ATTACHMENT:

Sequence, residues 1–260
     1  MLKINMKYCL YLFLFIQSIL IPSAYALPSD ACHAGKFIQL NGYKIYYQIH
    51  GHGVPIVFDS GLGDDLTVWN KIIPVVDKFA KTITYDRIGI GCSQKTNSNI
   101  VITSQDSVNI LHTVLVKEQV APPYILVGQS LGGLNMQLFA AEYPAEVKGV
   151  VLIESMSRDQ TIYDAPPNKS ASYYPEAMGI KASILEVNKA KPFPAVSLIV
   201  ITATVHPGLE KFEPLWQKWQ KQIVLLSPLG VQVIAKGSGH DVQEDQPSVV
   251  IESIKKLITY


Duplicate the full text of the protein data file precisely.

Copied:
Sequence, residues 1–260
     1  MLKINMKYCL YLFLFIQSIL IPSAYALPSD ACHAGKFIQL NGYKIYYQIH
    51  GHGVPIVFDS GLGDDLTVWN KIIPVVDKFA KTITYDRIGI GCSQKTNSNI
   101  VITSQDSVNI LHTVLVKEQV APPYILVGQS LGGLNMQLFA AEYPAEVKGV
   151  VLIESMSRDQ TIYDAPPNKS ASYYPEAMGI KASILEVNKA KPFPAVSLIV
   201  ITATVHPGLE KFEPLWQKWQ KQIVLLSPLG VQVIAKGSGH DVQEDQPSVV
   251  IESIKKLITY